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Humans Inherited The Tendency For Violence, But Civilization Has Tamed It

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As a species, humans seem to have inherited murderous traits via evolution and genetics, but civilization has tamed some of it out, a new study suggests.

Scientists in Spain calculated the rate at which over a thousand mammal species kill their own kind, and observed that closely related species have parallel violent tendencies. They found that where a specis if on the evolutionary tree says a lot about how savage it can be towards its own kind.

Humans, as it turns out, are “in a position within a particularly violent mammalian clade, in which violence seems to have been ancestrally present.” This means that based on the species closely related to humans, the “propensity for violence” is inherited, CBS News reports.

Mammals as a group average around three murders in 1,000 deaths.

The “root” violence rate of the earliest humans and primate cousins is around 20 in 1,000. In the medieval period, from 700 to 1500 AD, that number went up drastically to 120 per 1,000 deaths, according to lead study author Jose Maria Gomez.

But over time, humans have gotten less savage.

The modern-day average for murder among humans is at 13 in 1,000, Gomez says, using World Health Organization data as the basis. But the exact numbers are difficult to calculate, with many variables to consider, so Gomez says it’s more accurate to say that “violence has decreased significantly in the contemporary age.”

Surprisingly, the most peaceful mammals are killer whales. Despite the name, they have a violence rate of nearly zero among their own, along with other whale species, bats and anteaters. Cougars, some baboon species, lemurs and chinchillas are among the most violent, with murder rates well above 100 in 1,000.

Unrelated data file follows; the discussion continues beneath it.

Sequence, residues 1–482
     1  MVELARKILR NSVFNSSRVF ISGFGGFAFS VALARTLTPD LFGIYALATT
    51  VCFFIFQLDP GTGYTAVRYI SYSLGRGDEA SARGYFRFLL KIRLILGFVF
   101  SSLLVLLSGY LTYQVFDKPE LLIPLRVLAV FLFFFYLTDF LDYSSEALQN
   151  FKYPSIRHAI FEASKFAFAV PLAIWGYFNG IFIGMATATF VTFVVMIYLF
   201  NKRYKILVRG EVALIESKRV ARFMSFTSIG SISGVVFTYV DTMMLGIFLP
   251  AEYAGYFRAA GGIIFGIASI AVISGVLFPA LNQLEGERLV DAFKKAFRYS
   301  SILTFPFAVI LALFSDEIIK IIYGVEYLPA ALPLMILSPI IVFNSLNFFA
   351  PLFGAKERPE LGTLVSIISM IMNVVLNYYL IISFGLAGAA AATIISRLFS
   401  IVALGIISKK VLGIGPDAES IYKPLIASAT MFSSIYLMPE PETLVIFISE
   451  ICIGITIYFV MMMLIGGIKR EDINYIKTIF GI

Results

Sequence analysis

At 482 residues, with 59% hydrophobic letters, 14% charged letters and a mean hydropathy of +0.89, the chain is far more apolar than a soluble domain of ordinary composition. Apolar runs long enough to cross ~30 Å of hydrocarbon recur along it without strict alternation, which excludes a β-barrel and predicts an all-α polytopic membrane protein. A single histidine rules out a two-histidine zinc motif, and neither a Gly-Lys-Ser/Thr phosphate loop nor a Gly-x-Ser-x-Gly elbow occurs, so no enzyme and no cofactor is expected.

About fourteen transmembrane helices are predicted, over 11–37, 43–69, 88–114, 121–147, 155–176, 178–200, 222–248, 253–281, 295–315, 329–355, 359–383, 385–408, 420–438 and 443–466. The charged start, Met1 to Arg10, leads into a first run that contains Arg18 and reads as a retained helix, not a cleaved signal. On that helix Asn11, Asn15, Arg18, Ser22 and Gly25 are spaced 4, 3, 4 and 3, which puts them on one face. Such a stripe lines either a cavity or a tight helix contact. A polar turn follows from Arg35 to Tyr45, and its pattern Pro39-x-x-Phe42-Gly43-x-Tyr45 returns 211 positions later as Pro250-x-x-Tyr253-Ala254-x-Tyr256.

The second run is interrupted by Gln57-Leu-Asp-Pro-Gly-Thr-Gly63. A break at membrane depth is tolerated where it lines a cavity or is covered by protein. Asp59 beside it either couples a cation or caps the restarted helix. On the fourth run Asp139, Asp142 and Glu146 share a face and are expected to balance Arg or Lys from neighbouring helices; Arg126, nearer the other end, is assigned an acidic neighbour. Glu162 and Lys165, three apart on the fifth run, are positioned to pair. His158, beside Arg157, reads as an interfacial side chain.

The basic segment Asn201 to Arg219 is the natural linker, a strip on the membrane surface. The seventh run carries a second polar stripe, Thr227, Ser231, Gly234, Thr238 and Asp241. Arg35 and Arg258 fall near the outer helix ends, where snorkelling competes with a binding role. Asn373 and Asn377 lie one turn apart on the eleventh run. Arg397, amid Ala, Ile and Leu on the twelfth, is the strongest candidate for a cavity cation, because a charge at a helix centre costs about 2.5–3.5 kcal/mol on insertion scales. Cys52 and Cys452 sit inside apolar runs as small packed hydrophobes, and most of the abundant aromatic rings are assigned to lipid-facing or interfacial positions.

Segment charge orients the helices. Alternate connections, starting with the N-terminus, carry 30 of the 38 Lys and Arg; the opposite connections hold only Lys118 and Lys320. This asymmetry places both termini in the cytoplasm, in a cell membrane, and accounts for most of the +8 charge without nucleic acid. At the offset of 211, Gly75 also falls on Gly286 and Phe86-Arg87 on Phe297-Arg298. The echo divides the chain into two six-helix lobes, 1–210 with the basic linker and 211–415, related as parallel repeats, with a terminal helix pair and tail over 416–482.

Gomez’s study took a look at violence through a unique perspective – that of phylogenetics, the study of how closely related species appear to share similar traits. As the researchers found, the more closely related the species are, the more comparable the violence levels.

The researchers examined 1,044 studies that analyzed 1,024 mammal species, with the causes of death confirmed for over 4 million individual mammals. As the scientists moved up the evolutionary chain, they found that a superorder of species called Euarchontogilires, which includes early humans, rodents and hares, has a violence rate of 11 in 1,000. Further down history, a large grouping called Euarchonta that again includes humans, primates, flying lemurs and tree shrews showed a violence rate of 23 in 1,000.

Gomez examined several thousand prehistoric human deaths across archeological sites all over the world, and admitted that it was difficult to calculate violence rates for this time.

The researchers concluded that culture, government, modernization and other factors have since reigned in the inherent violence humans have. They do state that “the level of lethal violence is reversible and can increase or decrease as a consequence of some ecological, social or cultural factors.”

The study, which also found meerkats to be the most murderous mammals, was published in the journal Nature.

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